This is the thing that will elevate your teaching. There are reflections that I wrote a year ago that are completely different than my memory serves and it helps my lessons thrive.
5. Steal ideas (and lessons) from other teachers and sprinkle them with YOU glitter
You are not an island, nor a lone wolf, nor a singleton in this profession. It is impossible to do this alone. You need other teachers and their brains. Teachers are incredibly creative and smart, so use them in your first years of teaching to build your foundation.
Teaching is a big huge puzzle and you have to move components around until you get a clear picture of what you need to do for your students. Just like a hard puzzle or math problem, you have to take a step back and see the full picture from a different perspective. Seeing other teachers teach, plan, and organize provides various perspectives that you can incorporate into your own lesson. Don’t compare yourself to other teachers; identify the strengths of others, and figure out how you can make their ideas work for you.
It’s okay to steal ideas. You are not plagiarizing, or infringing copyright laws* because teachers want to help you. They know what it feels like to be a new teacher, and if they’re a fellow new teacher, they want to collaborate and pick your brain, too!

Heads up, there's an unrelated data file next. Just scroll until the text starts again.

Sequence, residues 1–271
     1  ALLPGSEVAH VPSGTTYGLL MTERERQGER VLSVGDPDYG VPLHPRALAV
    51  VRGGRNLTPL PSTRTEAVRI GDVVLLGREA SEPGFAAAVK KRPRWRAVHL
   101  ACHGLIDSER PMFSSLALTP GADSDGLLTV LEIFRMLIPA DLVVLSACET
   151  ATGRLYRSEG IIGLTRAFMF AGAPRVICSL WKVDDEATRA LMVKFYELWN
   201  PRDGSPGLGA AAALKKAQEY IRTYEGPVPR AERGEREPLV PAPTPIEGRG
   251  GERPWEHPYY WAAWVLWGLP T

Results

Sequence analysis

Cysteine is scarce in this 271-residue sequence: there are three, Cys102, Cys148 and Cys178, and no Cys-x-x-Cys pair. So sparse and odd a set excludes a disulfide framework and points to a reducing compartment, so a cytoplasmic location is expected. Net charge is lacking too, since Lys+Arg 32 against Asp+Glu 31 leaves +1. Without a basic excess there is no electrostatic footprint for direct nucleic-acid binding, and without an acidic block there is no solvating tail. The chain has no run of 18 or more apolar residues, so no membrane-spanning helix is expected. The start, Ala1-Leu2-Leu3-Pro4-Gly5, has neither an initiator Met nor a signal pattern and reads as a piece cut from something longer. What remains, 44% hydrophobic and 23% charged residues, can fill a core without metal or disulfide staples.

When you adapt a lesson for your classroom, there is no magical “no-prep” lesson. Many lessons advertise as this on TpT or other placed Online, but it’s actually impossible. Every class is different, and if you’re in secondary, every period is different. Take ideas and lessons and then adjust them to work for your classes. Then put your own pizzazz on that shit! You are an individual with your own teaching-style, make that lesson work for you and your students, even if it’s origins are elsewhere.
*Some teachers or districts do not like it when you steal their ideas, so if it’s something online, shoot an email asking permission. They’ll probably be down and flattered that you asked.
Lesson planning can seem daunting, but it is a part of this industry which can elevate your practice as an educator and make your students learn information in new and exciting ways. Now, get out there and lesson plan like a pro!